The International Criminal Court was supposed to pursue rogue regimes unwilling to hold war criminals accountable. Now that the ICC is instead investigating the U.S. and Israel, the Trump administration has laudably taken measures to penalize those who would politicize the court. President Trump can go further, however, by targeting a party fueling the current controversy: the Palestinian Authority.
After years of refusing to negotiate in good faith, the Palestinians have adopted a strategy of extracting concessions from Israel through pressure in the international arena. In this regard, the Palestinian Authority joined the ICC and requested an examination of its conflict with Israel. The court has proven to be an all-too-sympathetic forum.
The ICC won't adequately investigate the Palestinian Authority and terrorists it enables.
Against the objections of numerous member states, the ICC's Office of the Prosecutor has engaged in legal acrobatics to haul Israel before a court it never joined. The ICC has even coordinated with Palestinian terror-linked groups in collecting "evidence" against the Jewish state.
Simply put, the ICC cannot be relied upon to investigate the Palestinian Authority and the terrorist organizations it enables adequately. The United States, however, has both the justification and jurisdiction to bridge this gap.
Given the frequency with which Americans visit and reside in Israel, it is not surprising that many U.S. citizens have fallen victim to Palestinian terrorism. In the past, attempts to assert jurisdiction over these crimes (most notably, the 1985 Achille Lauro cruise ship hijacking and the murder of Leon Klinghoffer) dragged on for years before evaporating.
With strong backing from the Trump administration, however, a Republican-controlled Congress took the first steps in renewing American efforts against Palestinian terror. The 2018 Taylor Force Act, named after an American military veteran killed while visiting Tel Aviv, put the spotlight on a unique feature of Palestinian terrorism: pay-for-slay.
The Palestinian Authority is the only regime in the world with a pay-for-slay policy targeting civilians.
Today, the Palestinian Authority is the only regime in the world to reward anyone financially who is wounded, killed, or incarcerated as a result of attacking civilians based on their perceived ethnicity. To put this in perspective, as bad as the regimes in Iran, North Korea, and Venezuela may be, none have a pay-for-slay policy automatically open to all applicants. Only the Palestinians can claim that.
Apologists of this awful, murderous policy argue that because payment is made to any Palestinian "martyr," including Palestinian civilians killed unintentionally, pay-for-slay does not reward terrorism. This is nonsense. The policy offers a lifetime salary to the families of murderers, creating clear and unmistakable incentives to kill civilians.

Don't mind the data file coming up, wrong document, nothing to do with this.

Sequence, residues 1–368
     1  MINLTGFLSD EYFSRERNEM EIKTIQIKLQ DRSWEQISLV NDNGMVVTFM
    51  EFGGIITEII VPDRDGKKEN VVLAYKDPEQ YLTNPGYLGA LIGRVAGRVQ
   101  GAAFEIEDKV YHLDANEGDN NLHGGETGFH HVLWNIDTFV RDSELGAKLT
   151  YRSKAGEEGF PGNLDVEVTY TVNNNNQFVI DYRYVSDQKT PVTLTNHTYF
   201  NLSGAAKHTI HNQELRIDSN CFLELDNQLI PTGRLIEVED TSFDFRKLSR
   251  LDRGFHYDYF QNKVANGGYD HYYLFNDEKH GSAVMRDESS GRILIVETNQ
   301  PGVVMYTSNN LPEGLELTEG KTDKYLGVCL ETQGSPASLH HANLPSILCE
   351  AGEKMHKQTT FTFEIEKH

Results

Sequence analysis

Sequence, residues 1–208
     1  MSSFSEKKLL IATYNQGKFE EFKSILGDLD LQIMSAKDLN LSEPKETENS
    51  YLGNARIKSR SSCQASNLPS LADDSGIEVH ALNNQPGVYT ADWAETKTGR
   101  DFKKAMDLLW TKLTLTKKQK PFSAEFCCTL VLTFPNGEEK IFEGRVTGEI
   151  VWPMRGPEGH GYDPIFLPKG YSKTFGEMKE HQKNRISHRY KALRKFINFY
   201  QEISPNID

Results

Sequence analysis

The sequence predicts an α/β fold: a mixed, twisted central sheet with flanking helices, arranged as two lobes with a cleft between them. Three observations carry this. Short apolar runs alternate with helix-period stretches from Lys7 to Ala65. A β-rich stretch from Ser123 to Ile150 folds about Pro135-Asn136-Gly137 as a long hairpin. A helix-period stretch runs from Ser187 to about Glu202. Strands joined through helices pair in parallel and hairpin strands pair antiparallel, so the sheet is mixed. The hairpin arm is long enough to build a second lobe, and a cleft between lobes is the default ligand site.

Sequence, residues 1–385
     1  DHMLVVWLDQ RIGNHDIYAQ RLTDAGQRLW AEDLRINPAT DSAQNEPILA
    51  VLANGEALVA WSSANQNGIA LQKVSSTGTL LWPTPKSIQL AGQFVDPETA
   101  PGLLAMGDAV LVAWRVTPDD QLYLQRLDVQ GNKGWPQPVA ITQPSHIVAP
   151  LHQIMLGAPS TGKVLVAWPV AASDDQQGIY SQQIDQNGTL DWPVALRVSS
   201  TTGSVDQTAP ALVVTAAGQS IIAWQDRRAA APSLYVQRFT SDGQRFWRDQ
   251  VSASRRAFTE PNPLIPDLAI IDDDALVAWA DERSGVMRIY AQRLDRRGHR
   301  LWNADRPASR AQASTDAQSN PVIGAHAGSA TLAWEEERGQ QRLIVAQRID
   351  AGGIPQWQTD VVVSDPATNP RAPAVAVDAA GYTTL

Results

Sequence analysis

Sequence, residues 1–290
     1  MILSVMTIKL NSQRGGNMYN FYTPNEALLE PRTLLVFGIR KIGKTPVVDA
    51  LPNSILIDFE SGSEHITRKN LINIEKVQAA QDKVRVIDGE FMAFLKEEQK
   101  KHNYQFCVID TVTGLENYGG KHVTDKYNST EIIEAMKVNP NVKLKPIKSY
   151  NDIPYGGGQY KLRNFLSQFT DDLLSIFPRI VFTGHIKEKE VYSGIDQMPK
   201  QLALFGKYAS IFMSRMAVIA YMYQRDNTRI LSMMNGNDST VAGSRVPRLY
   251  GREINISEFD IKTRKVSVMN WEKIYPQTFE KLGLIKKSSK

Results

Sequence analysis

The Taylor Force Act cut funding to the Palestinians because of pay-for-slay. But the U.S. can go further because criminal jurisdiction is found under 18 U.S.C. § 2339C, a law dealing with terror financing. Even though pay-for-slay funds are distributed after the fact, the Palestinian Authority effectively places funds in escrow as guaranteed payment for terrorist attacks. This satisfies the statute no less than if suitcases full of cash were provided up-front to support terrorist operations.
In addition to federal statutes, international law (most notably the norms found in the Genocide Convention) provides jurisdiction. Article Two applies when members of an ethnic group are killed with the underlying intent of eliminating that group. Article Three further notes that instances of incitement and complicity for related attacks are actionable offenses.
The Palestinian leadership has not abandoned its aims, even if futile, of eliminating Jews from Israel and establishing a Palestinian state "from the river to the sea." In the words of Palestinian President Mahmoud Abbas, "Every house you have built on our land — there is no escaping that they will disappear." He, of course, did not mean to imply that Israel's Jews will relocate to tents and caves but that they will be dead or gone.
The Palestinian Authority is legally complicit in crimes against humanity.
Key religious figures, such as Jerusalem Mufti Muhammad Hussein, also have approvingly cited scripture that speaks of killing Jews. Such incitement is routinely broadcast on state-sponsored television and social media, and those who act on it are guaranteed a salary under the terms of pay-for-slay.
At the very least, the Palestinian Authority is legally complicit in crimes against humanity.
In his 2004 speech to the Republican National Convention, Rudy Giuliani cited the murder of Klinghoffer, noting that terrorism had become "a ticket to the international bargaining table." That ticket, in the form of pay-for-slay, is still being used by the Palestinian Authority to this day, albeit supplemented with its machinations at the ICC. Trump should ensure that these tickets are not honored.
Matthew Mainen is a Washington-resident fellow at the Middle East Forum and graduate of Stanford Law School. Follow him on Twitter.